One good handful of Coriander
One small handful of Basil leaves (ca. 6 stems worth)
130 millilitre Parmesan (ca. 52 grams)
Zest of 3/4 of one lime
Salt by choice (3/4 tea-spoon)
1-2 decilitres of olive oil
100-125 grams of Cashews
Making Coriander Basil Pesto
What I have noticed when making pesto is well that it’s dead easy, and how you vary it is just up to you. The basic ingredients, fresh herbs, garlic cloves, nuts and parmesan is all variable in sorts and size. This time I had too much coriander on my hands and a little fresh basil left on a winter struck plant. So I added both, coriander, with stem and leaves, and basil with just the leaves. I had cashews in the pantry and some grated parmesan in the fridge (I admit I sometimes buy the ready grated and as of yet I have not been able to distinguish the difference at least not when pesto is concerned).
I toasted the cashews lightly on the frying pan, medium heat you don’t want it going black.
Anyways I had a lime sitting in my kitchen window and garlic cloves to match. Coriander tastes brilliant with lime so that one was a given. I can’t quite remember the amount of garlic cloves, but I think how many you use will depend on your own taste buds, there is no rule against adding some more if you take too few in the beginning. The oil measure is again uncertain, as usual I didn’t take out a measuring cup. I gave it two good clunks, which might have been as much as 1-2 decilitres, what is important is that the pesto is not too dry. Add all the ingredients to a food processor (in my case I used a litre measurer and a stick mixer), mix well, taste season, add more of this or the other. Add to a clean jar and store in the fridge. You’ll be surprised how long it keeps.
2 steaks (300 grams)
100 grams of Rucola
50 grams of Pine Nuts
1 garlic clove
Zest of one lemon
1 tee-spoon of sea salt
1 tea- spoon of mixed peppercorns
30 grams of Parmesan
1 twig of thyme
Making Pepper Steak with Pine Nut Pesto
Take the steaks out of the fridge early enough for them to be room temperature before you fry them. I’m not completely sure why this is done, there must be some kind of chemistry thing explaining this, but the point is that the steak becomes less dry this way. Add peppercorns and sea salt to a mortar and grind it up. Cover the one side of the steaks with the peppercorns, leave while you bring out the rest of your ingredients. Take out to frying pans, one for the steak and one for the pine nuts and rucola. Warm the on pan to medium to high heat and add butter to the pan. Lay the steaks on the pan pepper-crust down. Turn the steak when the other side is browned, making sure the heat is not to high for the other side. In the end you add in more butter, let it melt, and tilt the pan so that you can use the spoon to pour the butter over the steak. When the steak is done, raw, medium or well done. Add it to a plate while you make the pesto.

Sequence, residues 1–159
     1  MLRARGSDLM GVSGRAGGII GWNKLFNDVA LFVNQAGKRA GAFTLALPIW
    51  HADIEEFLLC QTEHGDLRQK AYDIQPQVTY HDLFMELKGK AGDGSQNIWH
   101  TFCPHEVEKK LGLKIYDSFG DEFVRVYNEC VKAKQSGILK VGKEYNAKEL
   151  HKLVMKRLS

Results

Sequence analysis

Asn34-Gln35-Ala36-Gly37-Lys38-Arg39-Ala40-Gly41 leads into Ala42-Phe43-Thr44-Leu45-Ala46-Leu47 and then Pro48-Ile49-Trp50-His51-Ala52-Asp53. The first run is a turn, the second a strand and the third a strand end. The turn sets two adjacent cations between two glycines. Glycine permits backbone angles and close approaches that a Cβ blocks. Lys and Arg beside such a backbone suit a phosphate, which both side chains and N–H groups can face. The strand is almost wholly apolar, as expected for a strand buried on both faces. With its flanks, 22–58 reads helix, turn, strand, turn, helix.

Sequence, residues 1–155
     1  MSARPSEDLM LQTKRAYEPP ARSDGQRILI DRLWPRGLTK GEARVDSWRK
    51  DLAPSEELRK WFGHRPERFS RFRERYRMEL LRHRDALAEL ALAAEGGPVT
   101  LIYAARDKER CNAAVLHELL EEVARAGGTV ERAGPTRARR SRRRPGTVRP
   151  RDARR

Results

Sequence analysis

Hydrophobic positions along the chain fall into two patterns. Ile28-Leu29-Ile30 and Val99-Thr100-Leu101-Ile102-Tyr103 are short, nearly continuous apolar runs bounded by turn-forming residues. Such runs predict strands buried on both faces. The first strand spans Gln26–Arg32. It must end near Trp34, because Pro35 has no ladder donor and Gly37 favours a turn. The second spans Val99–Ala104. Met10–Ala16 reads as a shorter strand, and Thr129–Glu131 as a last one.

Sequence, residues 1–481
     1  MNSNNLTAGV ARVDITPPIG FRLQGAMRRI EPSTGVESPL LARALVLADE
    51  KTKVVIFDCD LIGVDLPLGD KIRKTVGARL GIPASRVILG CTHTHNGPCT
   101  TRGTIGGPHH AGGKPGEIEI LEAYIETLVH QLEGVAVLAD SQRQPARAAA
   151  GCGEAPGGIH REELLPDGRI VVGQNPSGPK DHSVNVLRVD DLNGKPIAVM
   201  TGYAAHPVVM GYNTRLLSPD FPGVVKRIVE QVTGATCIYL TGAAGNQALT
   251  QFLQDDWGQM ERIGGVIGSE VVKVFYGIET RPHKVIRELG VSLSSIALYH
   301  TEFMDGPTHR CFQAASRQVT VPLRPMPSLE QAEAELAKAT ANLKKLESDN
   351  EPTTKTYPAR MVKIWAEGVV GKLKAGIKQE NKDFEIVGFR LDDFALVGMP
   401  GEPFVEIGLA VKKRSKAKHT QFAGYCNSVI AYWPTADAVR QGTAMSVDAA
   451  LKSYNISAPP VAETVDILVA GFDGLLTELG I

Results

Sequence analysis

Heat the second frying pan on the oven and add pine nuts. Let the pine nuts get some colour, before you add in chopped rucola. Mix it well until the rucola becomes soft. Add it to a cutting board with grated parmesan, grated lemon zest a bit of olive oil as well as a finely chopped garlic clove. Chop well and mix well. Add the steaks to plates as well as the pine nut pesto.
1,5 – 2 decilitres of olive oil
100 grams of mixed hazelnuts, almonds and walnuts
2 large garlic cloves
2 good handfuls of basil leaves
100 grams of grated parmesan
Salt and pepper
I love pesto, I just have to say, and nuts, I’m nuts about nuts. That is why I have combined the two and gone nutty so to say. The result is to put it mildly AWESOME. Ok, that is bragging, but I’m only speaking the truth :)
Making 3nut Pesto
Add the nuts to a food processor/blender and blend until it makes a fine mass. Add basil and peeled garlic cloves, and take for a spin. Add in the oil and the parmesan a little at a time, making sure it is liquid enough to blend proper. Add salt and pepper in the end and scoop into a sterilised jar. Keeps for 1-2 weeks.
Serve on toast, with pasta, or add some to garlic bread.
Tip: Add the pesto to a nice jar and give it away with a bottle of wine, sure to make a friend happy.
300 grams of fusilli pasta
300 grams of minced beef
6-8 cherry tomatoes
1 teaspoon of chili pepper flakes
1 table-spoon of oil (3-4 drops of chili pepper oil if possible)
Pepper and salt
2 table-spoons of homemade pesto
Making Fusilli with Pesto and Mango Salsa
Boil water for the pasta, remember to add salt when it comes to the boil, and add the pasta. Heat oil in a frying pan and fry the minced beef together with the tomatoes, chili flakes, salt and pepper. Pull to the side when done.
1 ripe mango
1 small red onion
1 table-spoon of chopped mint
Peel your mango and cut from the stone, before finely slicing it. Into a bowl it goes with thin slices of red onion. Squeeze the lime and get all the juice out before adding the chopped mint. Give it a nice stir. When the pasta is cooked, stir in the pesto and the mince mix. Serve on a plate with mango salsa.